Now, “different” is nice, but it sure isn’t pretty
“Pretty” is what it’s about
I never met anyone who was “different”
Who couldn’t figure that out
– At The Ballet from A Chorus Line
I knew I was different from a very young age, even though my mother, grandmother, and aunt tried to turn it into being special. As the character Bebe sings in A Chorus Line, I figured out that I was not like the other boys, and it was not a good thing. I did not engage in baseball on the playground, I was utterly disinterested in sports and could not get my head around the rules or players’ role in different games.
Beginning in third grade, I put on weight and got glasses and was sent by my parents from our local public school to an all-boys Episcopal school. We were Jewish. While I entered that school looking different than the year before, I also felt different inside. I knew that I did not measure up to the sporty boys who loved tousling with other boys and at recess than forming a team for some sport.
I hated the unstructured free time of recess, where my difference was more pronounced. In 4th grade, I remember sitting at the base of a tree in the corner of the baseball field playing with sticks and stones and imagining the wee culture that lived in that tree. During some recesses, one of my two friends would join me, but mostly I was alone. The other boys were across the field from me on the baseball diamond, having quickly formed teams to play baseball. There is nothing more separating than being the one guy playing alone, at what is considered “girlie” pastime, while all the other boys all played baseball.
In the small Quaker private school that I went to from 7th grade through high school, we had to take a sport each season, which I did until I discovered I could be a team manager instead of a player. But in 7th grade, I was made to play football, a game I had no understanding of. The quarterback would say “hike,” and I would run, but to what end? I had no idea. This kind of ignorance did not go over well with my teammates or the coach. No one had ever explained the game to me. There was a working assumption that to be a boy in the 1970s meant you understood football, so our 7th-grade coach never spent any time explaining the game. It was assumed that our “all-American” fathers had taught the game to us. That did not happen in my house. I had never liked football and had no understanding of the rules of the game. Even when I was a small boy and my father would take me to see the Eagles play football, I do not remember him ever trying to explain the game. He would sit there with his transistor radio and an earphone in his ear listening to the game. I was mostly bored and just wanted to eat hotdogs and get a new bobblehead figure for my collection.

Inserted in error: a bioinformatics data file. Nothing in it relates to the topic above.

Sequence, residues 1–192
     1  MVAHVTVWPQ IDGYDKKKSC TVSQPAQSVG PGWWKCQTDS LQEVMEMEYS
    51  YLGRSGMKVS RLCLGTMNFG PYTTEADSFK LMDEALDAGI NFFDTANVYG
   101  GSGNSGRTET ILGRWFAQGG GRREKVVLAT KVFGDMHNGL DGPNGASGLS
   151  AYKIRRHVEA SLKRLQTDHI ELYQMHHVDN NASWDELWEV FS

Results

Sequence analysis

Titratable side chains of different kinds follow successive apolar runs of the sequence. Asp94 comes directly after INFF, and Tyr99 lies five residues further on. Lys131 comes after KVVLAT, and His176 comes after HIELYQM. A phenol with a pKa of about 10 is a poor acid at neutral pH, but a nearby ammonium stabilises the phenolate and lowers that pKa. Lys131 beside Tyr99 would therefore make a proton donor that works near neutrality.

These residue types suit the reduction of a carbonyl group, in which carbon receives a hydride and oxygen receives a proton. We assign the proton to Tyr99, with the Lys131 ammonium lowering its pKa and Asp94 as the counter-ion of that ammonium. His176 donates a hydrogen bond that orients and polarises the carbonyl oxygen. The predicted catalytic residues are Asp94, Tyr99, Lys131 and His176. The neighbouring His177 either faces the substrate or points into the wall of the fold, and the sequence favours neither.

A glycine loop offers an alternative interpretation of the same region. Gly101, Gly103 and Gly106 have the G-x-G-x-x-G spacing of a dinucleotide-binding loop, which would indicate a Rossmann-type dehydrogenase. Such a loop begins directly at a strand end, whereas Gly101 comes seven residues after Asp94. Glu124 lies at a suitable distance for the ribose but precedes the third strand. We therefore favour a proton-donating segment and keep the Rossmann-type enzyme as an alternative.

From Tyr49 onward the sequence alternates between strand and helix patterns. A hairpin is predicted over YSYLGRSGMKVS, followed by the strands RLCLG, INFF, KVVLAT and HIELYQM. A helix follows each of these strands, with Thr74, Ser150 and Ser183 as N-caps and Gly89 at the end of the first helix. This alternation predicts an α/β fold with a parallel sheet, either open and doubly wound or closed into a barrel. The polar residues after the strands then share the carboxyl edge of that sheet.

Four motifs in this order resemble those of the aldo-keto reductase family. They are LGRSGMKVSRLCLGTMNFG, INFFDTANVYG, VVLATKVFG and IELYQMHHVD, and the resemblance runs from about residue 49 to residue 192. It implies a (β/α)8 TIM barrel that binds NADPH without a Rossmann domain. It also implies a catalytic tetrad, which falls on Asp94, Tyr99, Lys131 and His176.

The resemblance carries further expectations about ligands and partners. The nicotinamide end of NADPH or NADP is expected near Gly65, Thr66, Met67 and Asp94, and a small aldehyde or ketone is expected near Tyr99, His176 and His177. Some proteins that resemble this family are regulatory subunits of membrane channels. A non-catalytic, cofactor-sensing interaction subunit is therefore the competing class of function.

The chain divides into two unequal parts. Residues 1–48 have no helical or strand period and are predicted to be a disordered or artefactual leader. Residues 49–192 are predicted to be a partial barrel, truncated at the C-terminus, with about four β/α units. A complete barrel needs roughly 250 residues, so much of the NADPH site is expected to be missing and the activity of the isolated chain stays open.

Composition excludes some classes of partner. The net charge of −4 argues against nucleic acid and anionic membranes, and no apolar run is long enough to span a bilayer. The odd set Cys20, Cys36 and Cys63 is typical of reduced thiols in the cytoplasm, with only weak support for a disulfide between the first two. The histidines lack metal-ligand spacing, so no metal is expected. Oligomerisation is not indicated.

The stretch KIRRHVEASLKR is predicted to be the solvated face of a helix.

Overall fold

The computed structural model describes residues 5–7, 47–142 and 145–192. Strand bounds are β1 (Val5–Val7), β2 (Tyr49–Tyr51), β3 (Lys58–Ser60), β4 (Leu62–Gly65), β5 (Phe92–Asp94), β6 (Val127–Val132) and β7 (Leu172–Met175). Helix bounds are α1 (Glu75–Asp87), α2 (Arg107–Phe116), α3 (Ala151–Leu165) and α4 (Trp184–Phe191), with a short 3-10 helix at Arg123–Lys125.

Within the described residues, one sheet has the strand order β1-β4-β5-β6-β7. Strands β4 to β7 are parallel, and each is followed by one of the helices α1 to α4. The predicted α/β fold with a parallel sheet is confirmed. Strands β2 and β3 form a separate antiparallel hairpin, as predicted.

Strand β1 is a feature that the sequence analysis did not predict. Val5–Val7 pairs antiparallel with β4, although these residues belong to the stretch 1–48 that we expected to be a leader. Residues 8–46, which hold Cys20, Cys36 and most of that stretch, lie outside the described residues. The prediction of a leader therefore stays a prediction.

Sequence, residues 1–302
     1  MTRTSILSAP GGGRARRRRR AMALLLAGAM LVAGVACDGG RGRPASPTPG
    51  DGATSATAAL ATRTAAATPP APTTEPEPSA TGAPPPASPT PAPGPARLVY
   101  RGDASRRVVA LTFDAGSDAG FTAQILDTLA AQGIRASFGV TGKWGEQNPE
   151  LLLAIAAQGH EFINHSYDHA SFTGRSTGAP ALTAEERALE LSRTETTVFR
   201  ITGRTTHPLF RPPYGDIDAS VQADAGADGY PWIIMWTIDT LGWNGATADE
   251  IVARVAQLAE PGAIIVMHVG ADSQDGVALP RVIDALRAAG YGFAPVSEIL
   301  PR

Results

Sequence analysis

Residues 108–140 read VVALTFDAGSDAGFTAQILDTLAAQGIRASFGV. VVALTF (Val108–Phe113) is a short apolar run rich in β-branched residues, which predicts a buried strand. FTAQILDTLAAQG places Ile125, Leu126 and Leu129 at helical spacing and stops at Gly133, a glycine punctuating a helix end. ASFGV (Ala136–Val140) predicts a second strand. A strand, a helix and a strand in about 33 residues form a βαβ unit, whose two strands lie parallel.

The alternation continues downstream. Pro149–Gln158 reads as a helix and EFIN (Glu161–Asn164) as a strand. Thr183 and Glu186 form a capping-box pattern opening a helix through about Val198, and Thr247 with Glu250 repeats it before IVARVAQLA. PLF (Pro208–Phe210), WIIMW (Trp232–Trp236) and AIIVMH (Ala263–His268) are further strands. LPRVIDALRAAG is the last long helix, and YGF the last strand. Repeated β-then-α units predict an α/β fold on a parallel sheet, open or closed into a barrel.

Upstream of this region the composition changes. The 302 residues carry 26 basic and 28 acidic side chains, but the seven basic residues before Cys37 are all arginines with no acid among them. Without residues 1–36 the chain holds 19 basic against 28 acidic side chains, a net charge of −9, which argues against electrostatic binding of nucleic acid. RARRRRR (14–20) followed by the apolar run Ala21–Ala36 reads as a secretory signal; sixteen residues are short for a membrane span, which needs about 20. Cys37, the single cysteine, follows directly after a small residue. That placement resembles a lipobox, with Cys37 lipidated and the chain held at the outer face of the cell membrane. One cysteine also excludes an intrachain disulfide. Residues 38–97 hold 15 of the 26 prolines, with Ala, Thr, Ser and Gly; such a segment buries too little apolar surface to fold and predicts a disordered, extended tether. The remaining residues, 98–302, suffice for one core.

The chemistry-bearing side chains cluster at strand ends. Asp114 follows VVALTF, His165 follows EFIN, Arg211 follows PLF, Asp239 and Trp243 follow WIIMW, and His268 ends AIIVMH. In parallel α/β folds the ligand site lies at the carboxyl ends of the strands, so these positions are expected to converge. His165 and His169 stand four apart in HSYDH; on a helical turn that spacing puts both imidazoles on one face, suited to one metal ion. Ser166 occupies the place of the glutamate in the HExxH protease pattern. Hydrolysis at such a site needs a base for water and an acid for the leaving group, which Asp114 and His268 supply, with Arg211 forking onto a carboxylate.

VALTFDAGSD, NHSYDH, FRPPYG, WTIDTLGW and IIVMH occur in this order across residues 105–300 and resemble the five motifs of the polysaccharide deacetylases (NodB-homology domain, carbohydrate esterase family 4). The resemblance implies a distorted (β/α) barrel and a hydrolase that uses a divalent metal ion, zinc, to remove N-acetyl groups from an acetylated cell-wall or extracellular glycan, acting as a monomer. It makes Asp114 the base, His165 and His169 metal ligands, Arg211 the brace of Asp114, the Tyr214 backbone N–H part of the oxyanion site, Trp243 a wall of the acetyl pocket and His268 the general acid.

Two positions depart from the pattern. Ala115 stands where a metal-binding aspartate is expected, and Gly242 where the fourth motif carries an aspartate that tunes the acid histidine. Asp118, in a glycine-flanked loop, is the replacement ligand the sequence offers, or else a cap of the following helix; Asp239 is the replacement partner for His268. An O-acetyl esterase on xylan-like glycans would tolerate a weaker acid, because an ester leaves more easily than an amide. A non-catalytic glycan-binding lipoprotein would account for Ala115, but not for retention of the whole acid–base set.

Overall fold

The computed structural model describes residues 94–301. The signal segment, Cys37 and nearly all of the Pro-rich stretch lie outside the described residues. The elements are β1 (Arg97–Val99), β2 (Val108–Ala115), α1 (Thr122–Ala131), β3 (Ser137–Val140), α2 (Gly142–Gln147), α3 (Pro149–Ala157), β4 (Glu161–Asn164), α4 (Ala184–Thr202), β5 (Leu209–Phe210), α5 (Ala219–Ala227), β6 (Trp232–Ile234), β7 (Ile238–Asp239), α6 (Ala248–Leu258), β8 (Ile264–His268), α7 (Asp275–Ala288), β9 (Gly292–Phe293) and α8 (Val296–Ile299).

If I go back further, back before team sports and football, even as a young child, I felt that I was different. It could be that I marked that difference by how different I was from my father. He tried a little to interest me in sports like basketball. He put a basketball hoop in our driveway and tried a few times to get me to play, but I was never interested, and he quickly gave up. I knew from a young age that my father was disappointed in his first son. I did not measure up to the son he expected to have, and we both did not know why. I assumed that I was deficient in some way, but as a child, I had no words or teachers to help me understand my difference.
I also think the three women who raised me, my grandmother, aunt, and mother all silently saw my difference. They knew that my young self was a gay man to be. They saw the signs, having known gay men in their youth, but in the 1960s, there were no words that could be said aloud on this topic, so they simply encouraged me as best they could. Years later, when I finally came out to my aunt, she quipped, “Oh my dear, grandmother and I have known for years. I knew many homosexual men in the theatre.”
So to quote the song from A Chorus Line, “Now, “different” is nice, but it sure isn’t pretty.
“Pretty” is what it’s about. I never met anyone who was “different” Who couldn’t figure that out.” Replace the word “pretty” with “straight American boy,” and you have me.